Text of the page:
So after our stay in Bangkok, Josh and I hopped on the train for a day-trip to Ayutthaya, Thailand’s fallen kingdom that dominated the region from 1350 to 1767. Originally I was a bit hesitant to go there, since I hadn’t heard much about it and was not that interested in seeing old ruins, but I am so glad that I did!
Ayutthaya just might be my favorite city in Thailand. It had the feel of a quaint, friendly small town that just happened to be covered with old ruins. In a welcome contrast from Bangkok, our guest house was friendly, charming and had hot water! And despite having some of the country’s most interesting sites (in my opinion) it wasn’t yet destroyed by tourists.
One of the best ways to explore Ayutthaya is by bicycle, which can be rented cheaply at any of the shops around town, and we found them to be in pretty good condition. You just bike around the city and you’ll see ruins everywhere, and the best part is, you can go right in and walk all over them! You could spend days exploring all of them, but honestly, many of the ruins looked quite similar to me. When the Burmese took over the kingdom in the 1700s they burned and destroyed everything. What remains today are crumbling piles of bricks and chedis (big bell-looking things) that still hold some of the majesty and glory of their golden days.
In the interest of saving time, Josh and I just selected a few of the main ones. Our first stop was Wat Phra Mahathat, a beautiful temple with iconic images such as a peaceful Buddha face surrounded by tree roots that just happened to grow around it. Next was Wihan Phra Mongkhon Bophit, home of Thailand’s largest seated Buddha (yet another awe-inspiring moment) and next door to Wat Phra Si Sanphet, the former site of the ancient royal palace when it was located in Ayutthaya. This palace/temple has three massive chedis that hold the ashes of former kings. One of chedis had this little entryway in it, and though I tried to convince Josh to join me to check out the inside, he refused (something about not wanting rabies, whatever). Luckily, I found some braver tourists around to join me and managed to enter into the little dirt hole long enough to grab a photo, ignoring the creepy-crawly noises around me and the overwhelming smell of excrement.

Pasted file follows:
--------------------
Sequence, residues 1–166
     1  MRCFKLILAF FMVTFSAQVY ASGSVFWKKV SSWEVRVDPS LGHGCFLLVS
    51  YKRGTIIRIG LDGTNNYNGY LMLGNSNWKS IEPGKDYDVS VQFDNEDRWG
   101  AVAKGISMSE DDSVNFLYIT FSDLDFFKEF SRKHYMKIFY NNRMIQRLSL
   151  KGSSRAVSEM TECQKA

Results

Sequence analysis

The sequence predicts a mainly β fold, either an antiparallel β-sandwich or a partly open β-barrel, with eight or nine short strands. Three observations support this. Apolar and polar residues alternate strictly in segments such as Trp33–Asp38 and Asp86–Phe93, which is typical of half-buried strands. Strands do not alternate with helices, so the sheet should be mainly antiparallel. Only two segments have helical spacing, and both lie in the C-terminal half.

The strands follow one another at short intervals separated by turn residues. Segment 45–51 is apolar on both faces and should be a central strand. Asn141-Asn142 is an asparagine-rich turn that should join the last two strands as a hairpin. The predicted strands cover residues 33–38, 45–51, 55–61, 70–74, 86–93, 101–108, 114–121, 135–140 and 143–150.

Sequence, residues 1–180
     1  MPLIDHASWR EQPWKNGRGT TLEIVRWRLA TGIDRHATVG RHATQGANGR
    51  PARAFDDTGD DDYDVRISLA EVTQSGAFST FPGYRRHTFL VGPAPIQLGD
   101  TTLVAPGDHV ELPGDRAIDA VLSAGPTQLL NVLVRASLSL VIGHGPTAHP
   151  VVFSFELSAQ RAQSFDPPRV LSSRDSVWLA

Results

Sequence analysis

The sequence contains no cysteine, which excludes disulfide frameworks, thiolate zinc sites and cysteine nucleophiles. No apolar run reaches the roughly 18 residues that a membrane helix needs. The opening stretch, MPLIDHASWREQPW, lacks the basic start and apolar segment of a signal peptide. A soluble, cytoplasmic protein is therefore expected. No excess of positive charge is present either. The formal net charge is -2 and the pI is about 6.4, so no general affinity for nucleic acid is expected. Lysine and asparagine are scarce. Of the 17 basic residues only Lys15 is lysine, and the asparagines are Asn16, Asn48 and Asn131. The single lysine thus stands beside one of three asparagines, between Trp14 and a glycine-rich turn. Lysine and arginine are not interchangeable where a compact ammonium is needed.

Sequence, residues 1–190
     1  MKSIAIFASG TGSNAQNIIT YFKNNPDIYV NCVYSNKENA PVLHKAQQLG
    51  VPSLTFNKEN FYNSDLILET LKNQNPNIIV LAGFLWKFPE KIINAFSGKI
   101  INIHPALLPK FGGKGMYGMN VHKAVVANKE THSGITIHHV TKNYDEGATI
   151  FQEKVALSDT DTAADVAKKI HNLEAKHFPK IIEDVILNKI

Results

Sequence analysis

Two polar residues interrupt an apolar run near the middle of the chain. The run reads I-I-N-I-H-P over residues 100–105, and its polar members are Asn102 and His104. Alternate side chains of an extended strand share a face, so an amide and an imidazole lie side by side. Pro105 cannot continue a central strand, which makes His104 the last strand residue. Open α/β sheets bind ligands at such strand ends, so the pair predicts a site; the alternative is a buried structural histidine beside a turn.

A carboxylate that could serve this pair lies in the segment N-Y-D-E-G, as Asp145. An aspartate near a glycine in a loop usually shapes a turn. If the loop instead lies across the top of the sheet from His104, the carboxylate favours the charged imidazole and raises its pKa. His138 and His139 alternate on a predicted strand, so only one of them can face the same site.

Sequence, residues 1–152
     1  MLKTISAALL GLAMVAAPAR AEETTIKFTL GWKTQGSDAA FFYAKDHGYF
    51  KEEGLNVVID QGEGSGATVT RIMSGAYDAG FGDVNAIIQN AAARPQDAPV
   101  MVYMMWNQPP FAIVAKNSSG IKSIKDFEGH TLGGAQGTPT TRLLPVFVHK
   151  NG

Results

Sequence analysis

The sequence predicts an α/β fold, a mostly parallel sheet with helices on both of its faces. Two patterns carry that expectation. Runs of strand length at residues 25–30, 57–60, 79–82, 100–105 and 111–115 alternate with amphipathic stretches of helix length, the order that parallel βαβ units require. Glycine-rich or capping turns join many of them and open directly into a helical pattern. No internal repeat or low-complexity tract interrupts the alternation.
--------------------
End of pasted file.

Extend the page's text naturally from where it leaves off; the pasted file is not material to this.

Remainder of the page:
Later that day, Josh and I joined some other travelers at our guest house for a boat tour of some of the ruins off the island. This was pretty fun. Our non-English speaking guide drove us around this long, canoe-like boat and dropped us off at random places with virtually no explanation, simply saying “20 minutes.” Luckily, we managed to find Wat Phanan Choeng, home of another MASSIVE Buddha, Wat Yai Chai Mongkol, a smaller, less impressive temple with an old chedi, and Wat Chai Wattanaram, the most picturesque of them all. Wat Chai Wattanaram was absolutely gorgeous. Of all the ruins we’d seen, this one seemed the most intact, the most symmetric and was, surprisingly, sparsely populated with tourists. We were there around sunset and the whole thing made just a beautiful silhouette against the sky. It was a great way to end our tour. Next stop, Kanchanaburi!
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